There are also several studies that have analysed whether what is known as “heeling” increased the risk of injuries to runners. They found results for all tastes. It seems that there is no single “perfect step”. Perhaps it is a study undertaken by researchers in Finland that might shed some light on the debate, suggesting that each step has its pros and cons. So, according to the study “Forefoot Strikers Exhibit Lower Running-Induced Knee Loading than Rearfoot Strikers”, by different authors (*):

  • Runners who first support the heel increase the impact on the knees, which may cause injuries such as patellofemoral pain syndrome.
  • In contrast, runners who impact the ground with the front part of the foot tend to overload the ankle and Achilles heel, which increases the risk of suffering injuries such as shin splints.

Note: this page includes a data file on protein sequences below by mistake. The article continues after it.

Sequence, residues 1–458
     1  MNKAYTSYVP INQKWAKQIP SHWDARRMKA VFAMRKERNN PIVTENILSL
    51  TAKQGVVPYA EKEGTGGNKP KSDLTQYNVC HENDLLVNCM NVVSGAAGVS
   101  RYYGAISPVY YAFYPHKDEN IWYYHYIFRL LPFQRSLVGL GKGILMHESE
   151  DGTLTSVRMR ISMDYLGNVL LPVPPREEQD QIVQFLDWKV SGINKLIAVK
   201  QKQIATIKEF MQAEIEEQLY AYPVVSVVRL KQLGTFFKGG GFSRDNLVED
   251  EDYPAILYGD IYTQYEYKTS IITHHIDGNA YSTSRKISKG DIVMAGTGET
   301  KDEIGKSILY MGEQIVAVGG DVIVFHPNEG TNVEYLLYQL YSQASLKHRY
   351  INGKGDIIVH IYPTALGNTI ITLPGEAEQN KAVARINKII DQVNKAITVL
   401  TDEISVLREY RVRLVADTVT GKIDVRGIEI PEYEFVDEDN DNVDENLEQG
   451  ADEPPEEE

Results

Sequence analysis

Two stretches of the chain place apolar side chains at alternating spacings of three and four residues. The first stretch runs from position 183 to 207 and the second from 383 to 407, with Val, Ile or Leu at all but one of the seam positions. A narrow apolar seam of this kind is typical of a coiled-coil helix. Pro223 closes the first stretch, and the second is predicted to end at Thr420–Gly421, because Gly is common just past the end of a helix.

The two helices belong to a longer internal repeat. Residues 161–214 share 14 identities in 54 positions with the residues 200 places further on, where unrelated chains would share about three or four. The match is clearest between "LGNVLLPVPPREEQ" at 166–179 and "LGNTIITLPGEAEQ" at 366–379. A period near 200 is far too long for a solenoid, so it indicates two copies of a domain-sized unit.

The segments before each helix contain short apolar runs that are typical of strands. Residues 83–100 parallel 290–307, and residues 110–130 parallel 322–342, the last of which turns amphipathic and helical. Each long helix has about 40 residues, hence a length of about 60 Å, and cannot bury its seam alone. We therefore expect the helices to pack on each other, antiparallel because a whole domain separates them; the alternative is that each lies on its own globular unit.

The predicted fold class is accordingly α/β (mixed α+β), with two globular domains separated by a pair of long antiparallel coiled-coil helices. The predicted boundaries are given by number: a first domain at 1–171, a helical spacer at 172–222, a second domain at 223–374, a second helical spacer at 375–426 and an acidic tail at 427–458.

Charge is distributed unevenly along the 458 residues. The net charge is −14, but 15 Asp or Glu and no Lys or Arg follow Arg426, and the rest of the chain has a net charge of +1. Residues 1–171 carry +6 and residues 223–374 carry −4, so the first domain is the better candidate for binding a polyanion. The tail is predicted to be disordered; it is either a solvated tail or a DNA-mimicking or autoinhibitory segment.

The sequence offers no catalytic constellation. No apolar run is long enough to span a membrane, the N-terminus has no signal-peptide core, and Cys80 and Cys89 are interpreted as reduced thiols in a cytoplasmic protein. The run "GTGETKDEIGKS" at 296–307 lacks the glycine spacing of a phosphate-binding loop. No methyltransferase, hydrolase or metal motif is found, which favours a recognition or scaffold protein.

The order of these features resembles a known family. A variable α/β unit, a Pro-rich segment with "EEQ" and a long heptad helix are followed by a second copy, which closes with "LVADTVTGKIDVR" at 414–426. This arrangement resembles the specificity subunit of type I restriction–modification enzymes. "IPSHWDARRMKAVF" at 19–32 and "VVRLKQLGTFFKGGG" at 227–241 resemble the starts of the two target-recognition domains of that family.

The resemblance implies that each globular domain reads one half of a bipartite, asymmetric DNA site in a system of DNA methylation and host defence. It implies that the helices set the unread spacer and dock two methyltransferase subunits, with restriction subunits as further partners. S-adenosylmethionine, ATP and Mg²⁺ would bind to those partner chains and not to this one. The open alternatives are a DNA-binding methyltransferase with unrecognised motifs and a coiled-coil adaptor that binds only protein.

Conclusion: is there a perfect step?

Does perfection exist or is there something that can always be improved? In running, as in life, we fight to achieve excellence, even though we know that it is a relative concept. This is why it is important to be clear what our needs and priorities are, so that we can define what is the perfect step for us.

We should be aware of how our body works and the impact it receives on running. In this sense, remember that running insoles can help you stabilise the step, prevent injuries and reduce fatigue. We explain this to you in the article “Types of running insoles”.

 

 

(*) Forefoot Strikers Exhibit Lower Running-Induced Knee Loading than Rearfoot Strikers, KULMALA, JUHA-PEKKA; AVELA, JANNE; PASANEN, KATI; PARKKARI, JARI. December 2013
https://journals.lww.com/acsm-msse/fulltext/2013/12000/Forefoot_Strikers_Exhibit_Lower_Running_Induced.12.aspx